I think this will be a good paper to develop for CS and IT students like me because it deals with animation and application of algorithms. Unfortunately, even though I am genuinely interested in animation, it’s something that I know little about.



Title: Assessing the Yield of IT Projects in Developing Nations: Aggregated Models Are Not Sufficient

Author(s): Stephen Ruth, Bhaskar Choudhury


Determination of the outcome of an IT project in a developing nation is often based on sectoral models and highly aggregated data. This paper offers an example of a replicable methodology to go to the grass roots—the user level—to obtain valuable insights from the individual and group data that are masked by the aggregate statistics.

This study is about assessing the yield of IT projects in developing nations. It’s a significant topic, mainly it focuses on IT and the demand to other countries. This study has three action steps for the future:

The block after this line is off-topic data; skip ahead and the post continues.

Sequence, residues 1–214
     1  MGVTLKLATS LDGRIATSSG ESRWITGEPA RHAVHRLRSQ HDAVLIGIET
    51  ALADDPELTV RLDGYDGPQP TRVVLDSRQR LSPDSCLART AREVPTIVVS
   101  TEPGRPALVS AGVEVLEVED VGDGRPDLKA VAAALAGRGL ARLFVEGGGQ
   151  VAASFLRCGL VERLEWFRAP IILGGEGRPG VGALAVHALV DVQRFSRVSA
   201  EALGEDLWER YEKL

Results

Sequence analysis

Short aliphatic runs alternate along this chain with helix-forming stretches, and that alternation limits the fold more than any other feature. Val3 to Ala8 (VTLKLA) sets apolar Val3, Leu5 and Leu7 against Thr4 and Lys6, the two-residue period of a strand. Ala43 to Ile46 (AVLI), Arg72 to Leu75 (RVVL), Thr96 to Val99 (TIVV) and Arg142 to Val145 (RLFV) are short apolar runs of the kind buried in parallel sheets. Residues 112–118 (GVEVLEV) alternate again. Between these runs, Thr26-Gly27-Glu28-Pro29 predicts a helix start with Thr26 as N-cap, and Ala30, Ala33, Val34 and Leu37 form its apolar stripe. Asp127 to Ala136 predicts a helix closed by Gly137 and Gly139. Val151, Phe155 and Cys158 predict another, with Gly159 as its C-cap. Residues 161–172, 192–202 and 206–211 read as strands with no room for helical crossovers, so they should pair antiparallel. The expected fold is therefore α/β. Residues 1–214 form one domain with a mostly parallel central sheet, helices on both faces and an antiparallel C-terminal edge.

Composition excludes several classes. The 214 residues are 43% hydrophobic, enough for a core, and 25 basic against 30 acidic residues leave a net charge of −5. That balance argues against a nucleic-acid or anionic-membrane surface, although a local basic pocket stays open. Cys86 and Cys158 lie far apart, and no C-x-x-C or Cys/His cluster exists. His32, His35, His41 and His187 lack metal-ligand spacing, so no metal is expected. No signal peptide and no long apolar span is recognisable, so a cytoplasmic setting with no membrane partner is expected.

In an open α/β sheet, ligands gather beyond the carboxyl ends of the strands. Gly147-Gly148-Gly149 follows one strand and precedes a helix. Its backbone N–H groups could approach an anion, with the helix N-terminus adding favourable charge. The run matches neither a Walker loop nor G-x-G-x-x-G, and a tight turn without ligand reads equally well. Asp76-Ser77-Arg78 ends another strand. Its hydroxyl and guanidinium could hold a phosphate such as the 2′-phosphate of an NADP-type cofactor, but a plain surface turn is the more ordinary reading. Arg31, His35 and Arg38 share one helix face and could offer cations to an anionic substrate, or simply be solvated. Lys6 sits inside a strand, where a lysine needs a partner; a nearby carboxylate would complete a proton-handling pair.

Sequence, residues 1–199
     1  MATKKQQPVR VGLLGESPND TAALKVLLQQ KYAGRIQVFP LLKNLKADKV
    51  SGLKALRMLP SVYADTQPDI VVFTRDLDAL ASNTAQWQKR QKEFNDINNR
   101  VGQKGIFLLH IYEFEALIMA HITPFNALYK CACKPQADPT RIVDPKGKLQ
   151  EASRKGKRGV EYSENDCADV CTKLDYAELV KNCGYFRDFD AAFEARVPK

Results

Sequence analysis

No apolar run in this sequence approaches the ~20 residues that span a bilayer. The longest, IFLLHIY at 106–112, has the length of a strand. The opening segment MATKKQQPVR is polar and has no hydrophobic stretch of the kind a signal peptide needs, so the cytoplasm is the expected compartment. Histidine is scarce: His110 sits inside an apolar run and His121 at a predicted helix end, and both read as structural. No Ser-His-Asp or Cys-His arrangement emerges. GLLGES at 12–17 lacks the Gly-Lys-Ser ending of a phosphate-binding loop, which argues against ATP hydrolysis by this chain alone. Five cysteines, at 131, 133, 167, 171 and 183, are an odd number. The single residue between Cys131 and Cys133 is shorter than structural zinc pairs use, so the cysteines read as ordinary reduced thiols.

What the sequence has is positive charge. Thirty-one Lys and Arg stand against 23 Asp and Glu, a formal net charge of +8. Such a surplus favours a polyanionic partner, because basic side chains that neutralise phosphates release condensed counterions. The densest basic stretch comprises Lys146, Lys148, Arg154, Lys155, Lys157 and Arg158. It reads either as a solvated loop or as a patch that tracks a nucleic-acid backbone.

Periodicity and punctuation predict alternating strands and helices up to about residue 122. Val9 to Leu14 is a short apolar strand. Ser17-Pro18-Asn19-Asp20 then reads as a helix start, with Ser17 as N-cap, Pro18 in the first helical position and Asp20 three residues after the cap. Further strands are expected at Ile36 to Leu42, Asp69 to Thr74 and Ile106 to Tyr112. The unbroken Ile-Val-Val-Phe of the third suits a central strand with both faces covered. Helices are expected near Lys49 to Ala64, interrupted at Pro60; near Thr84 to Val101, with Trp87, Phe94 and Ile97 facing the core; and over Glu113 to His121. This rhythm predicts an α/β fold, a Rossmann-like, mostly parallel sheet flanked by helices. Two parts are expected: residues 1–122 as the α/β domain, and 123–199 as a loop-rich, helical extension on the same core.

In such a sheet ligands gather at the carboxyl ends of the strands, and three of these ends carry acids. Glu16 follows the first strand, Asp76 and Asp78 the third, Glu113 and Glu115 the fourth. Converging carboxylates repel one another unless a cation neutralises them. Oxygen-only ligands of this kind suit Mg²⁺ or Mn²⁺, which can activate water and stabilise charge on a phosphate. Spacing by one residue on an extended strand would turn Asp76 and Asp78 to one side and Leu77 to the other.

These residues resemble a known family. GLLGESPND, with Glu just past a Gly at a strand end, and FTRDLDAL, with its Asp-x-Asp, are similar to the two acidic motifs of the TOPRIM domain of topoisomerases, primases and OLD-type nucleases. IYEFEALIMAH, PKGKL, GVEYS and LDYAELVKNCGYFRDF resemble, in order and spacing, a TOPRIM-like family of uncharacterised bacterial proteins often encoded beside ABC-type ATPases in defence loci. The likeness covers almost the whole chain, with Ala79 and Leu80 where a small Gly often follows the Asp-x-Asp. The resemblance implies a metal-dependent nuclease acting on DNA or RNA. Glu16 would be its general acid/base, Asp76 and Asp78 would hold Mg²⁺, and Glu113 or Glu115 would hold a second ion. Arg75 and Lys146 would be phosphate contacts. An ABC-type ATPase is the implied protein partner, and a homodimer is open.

First, since it is clearly possible to accomplish a replicable study of this type almost anywhere in the world, there should be greater emphasis on gathering this type of data, even at the expense of the aggregate studies. Second, a comprehensive collection of lower level studies of this type needs to be assembled to determine public policy options that may already be justified. Stephen Denning of the World Bank has pioneered a process of sharing information organization-wide. He found that by sharing “stories” about successful implementation ideas learned in one location, he could apply them to other countries around the world. It is quite likely that these results in Romania could assist in Internet deployment plans in Eastern Europe or beyond.


The study’s topic is quite interesting because it’s mainly about improving the Internet in developing nations. Philippines is a developing nation and according to some of my readings, the Internet has quite a low penetration rate in the Philippines compared to other nations. However, we are quickly catching up.

The results of this study may be helpful in determining key factors that would help improve the Internet in developing nations. The study’s scope is quite large and I think it was difficult to gather enough data and come up with accurate results. The paper is quite long and there are particular areas that I do not understand fully. However, I would really like to express my appreciation for the study’s goal because it can change how the Internet is implemented and used in nations worldwide, especially the developing ones.